Several of the soldiers who lived at the hangar told me of their suspicions that the Italians, who were based uphill from the TFR hangar and had a clear view inside, would flash headlights on vehicles whenever a mission was gearing up. This is hardly solid evidence. I do know from some of the memo traffic from TFR command and CENTCOM that there was concern about Italians giving aid to Somalis. In Mogadishu, the Habr Gidr leaders I spoke with all spoke warmly of the help they received from their former Colonial masters. The battle video was taped by reconnaissance helicopters, which are modified Little Birds. The P-3 Orion flying above Mogadishu also filmed the raid and subsequent battle with its high-powered telescopic cameras. MB

    JB Dayton, OH
    Small typo "Nelson pointed up the street, and Yurek edged out to look around the car. He saw three dead Somalis in the dirt. He 'stacking' them into a little mound."
    Mark Bowden
    Thanks. We've fixed it. MB

    Kim Langley Herndon, VA
    Mark: Ref some tech details on the RPG. RPG-7 (HEAT) rounds do have a automatic self-destruct mechanism. They self destruct at about 900 meters. I know, I tested them myself in the Kuwait Desert after Desert Storm. Also, the RPG will penetrate the top turrent of a Type 59 (Chicom T-55) tank, so my guess is they would do a job on a Bradley. RPG is a very effective and easy to use weapon. You really have to respect it. Keep up the good work
    Mark Bowden
    Thanks, Kim. A gunner informs me that "The Skinnies messed with the warhead on the RPG to air burst. I saw a lot of them go off in the air." MB

    JB Dayton
    Regarding GMB from NJ and your response to him. "Fast Movers" is generally slang for high performance jet aircraft that deliver ground support/suppression fire. Term originated in Vietnam with F-4s delivery HE and Napalm. Now refers to F-16s, F-15Es, F/A-18s.
    Mark Bowden
    Thanks. There were none over Mog to my knowledge. MB

    Don McKeon Dulles, VA
    Dear Mr. Bowden: I am the editorial director at Brassey's, Inc., a publisher of books primarily on military topics. Do you have a book publisher for your outstanding series? If not, our editorial advisory board might be interested in considering it. Could you drop me an e-mail or call at 703-260-0602, ext. 16? Thanks. Sincerely, Don McKeon
    Mark Bowden
    Thanks, Don. I do have a publisher, Grove/Atlantic, and the book is scheduled to appear in the Fall of 1998. I'll give you a call to thank you for your interest personally. MB

    Micael Carlsson Sweden
    Excellent reading!! Were the Swedish field hospital involved in taking care of the wounded? I went home from Somalia in march -93 and is very interrested in the hospitals history after that.
    Mark Bowden
    I don't know the answer to that. I do plan to talk to some of the docs involved, and they'll know. So check the book. Thanks Micael. It's great to know the series is being seen internationally. MB

    David Chicago, Illinois
    The most well written account of battle I have ever read. I heard about this incident but never realized how large and horrible it really was. How many parts will this series be... when will it be completed? THIS SHOULD BE A MOVIE GUYS...
    Mark Bowden
    Thank you very much David, although there are plenty of terrific battle stories out there. The series will have 30 parts, and will end Dec. 14th, at which point I will get to work finishing the book, which will cover about three times more ground. MB

    Redleg Edison, NJ
    Rick from NC is right on w/ Armor tactics. I will post longer detail of an added benefit in forum. Concerning M79s, saw many in the documentary, shoulder and truck mounted. RPGs, even t7s, RARELY penetrate the armor tanks. An old T-55 which has already been brewed and the metal brittled, MIGHT have its turret punctered if hit right. Cforum.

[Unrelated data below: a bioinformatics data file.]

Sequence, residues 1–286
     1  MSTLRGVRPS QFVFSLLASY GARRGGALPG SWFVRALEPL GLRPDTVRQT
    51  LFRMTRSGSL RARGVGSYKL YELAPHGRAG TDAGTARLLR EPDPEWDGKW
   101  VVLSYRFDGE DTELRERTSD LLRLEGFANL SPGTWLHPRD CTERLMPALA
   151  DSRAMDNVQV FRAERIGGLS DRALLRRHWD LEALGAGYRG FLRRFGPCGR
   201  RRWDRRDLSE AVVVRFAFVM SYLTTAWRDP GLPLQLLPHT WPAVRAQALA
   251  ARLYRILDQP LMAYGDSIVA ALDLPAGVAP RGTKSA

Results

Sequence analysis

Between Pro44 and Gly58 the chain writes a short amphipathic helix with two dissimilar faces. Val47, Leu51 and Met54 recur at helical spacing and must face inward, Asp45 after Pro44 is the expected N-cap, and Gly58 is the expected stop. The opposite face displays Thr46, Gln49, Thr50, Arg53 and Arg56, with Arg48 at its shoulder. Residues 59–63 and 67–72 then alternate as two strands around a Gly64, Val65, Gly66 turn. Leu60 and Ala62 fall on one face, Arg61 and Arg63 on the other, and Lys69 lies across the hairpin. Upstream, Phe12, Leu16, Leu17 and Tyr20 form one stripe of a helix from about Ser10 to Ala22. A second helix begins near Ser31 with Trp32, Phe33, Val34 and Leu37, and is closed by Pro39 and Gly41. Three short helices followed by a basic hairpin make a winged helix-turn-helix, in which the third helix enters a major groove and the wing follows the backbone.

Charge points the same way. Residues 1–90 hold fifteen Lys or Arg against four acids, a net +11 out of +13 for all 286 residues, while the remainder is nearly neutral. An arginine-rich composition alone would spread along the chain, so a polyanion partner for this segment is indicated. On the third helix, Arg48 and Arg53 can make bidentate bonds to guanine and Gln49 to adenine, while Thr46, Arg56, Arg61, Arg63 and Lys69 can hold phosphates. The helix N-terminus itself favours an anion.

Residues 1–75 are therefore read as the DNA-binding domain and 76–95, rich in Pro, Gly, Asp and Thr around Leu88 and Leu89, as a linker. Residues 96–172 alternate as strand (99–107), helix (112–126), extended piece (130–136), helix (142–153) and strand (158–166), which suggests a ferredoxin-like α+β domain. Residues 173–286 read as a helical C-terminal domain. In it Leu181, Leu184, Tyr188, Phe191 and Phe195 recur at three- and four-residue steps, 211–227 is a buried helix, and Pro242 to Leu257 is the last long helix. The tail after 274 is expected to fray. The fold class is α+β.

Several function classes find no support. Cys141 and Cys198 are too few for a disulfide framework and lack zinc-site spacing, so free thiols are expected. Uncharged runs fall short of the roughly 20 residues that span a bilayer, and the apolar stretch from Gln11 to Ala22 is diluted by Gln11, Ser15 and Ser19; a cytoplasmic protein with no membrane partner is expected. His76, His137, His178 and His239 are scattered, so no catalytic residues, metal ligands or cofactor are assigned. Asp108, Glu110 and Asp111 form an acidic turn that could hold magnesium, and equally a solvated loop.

Mark Bowden
    Thanks. I'd like to see you guys work this out. MB

    DTD Newburgh, NY
    Mark how you doing? I hope Yurek didn't tell you that he had a M203 mounted to a SAW, And I say a saw because I assure you he may have picked a saw up but he didn,t carry one.Anybody that knows a saw knows you can't mount a 203 on it. COME ON YUREK!!!
    Mark Bowden
    Don't blame Ed. My mistake, Dave. Your videotape will be in the mail soon. MB

    "Vitto" Charlottesville, VA
    Ok I'm gonna rant here. All this talk of whether or not an RPG can take out a M1 or Bradley is pointless. The indisputable fact is they provide more protection than a damn HUMMV or 5 ton. Thus, that Gen.'s reasoning about the experience in Chechneya is assinine. Also, as an ex-anti- tank gunner in 1st/RGR BN, I'll attest it ain't easy to take out armor with an unguided weapon. (cont)
    Lock Somerville, NJ
    Mark: Out of curiosity, was SOCOM supportive of your efforts to write this story? Which military organizations/units were most cooperative?
    Mark Bowden
    The public affairs people for USSOC set up interviews for me with about 10 Rangers at Ft. Benning and with Mike Durant, Keith Jones and Mike Goffena. This was an enormous help and really opened the door for me. After that I got the impression they were tired of all my questions and requests, and stopped helping. They refused numerous requests to do videotaped interviews or to let us photograph key people still in the military, and would not help us with file photos. My efforts to obtain documents through official channels was effectively and politely stonewalled on all fronts. We were given a few minutes of the hours of videotape of the battle, most of it fairly useless to us (they are, as I understand it, protecting some of the capabilities), a few snippets of good stuff. Many of those I wanted to talk to were special ops people and very busy. But the leads I got from the arranged interviews really launched me, and I started having lots of success getting to people and documents on my own. The Air Force public affairs people knocked themselves out trying to help me. Since the stories have started running there has been a general and wonderful thaw on the Army front, and I'm getting help again, for which I am grateful. MB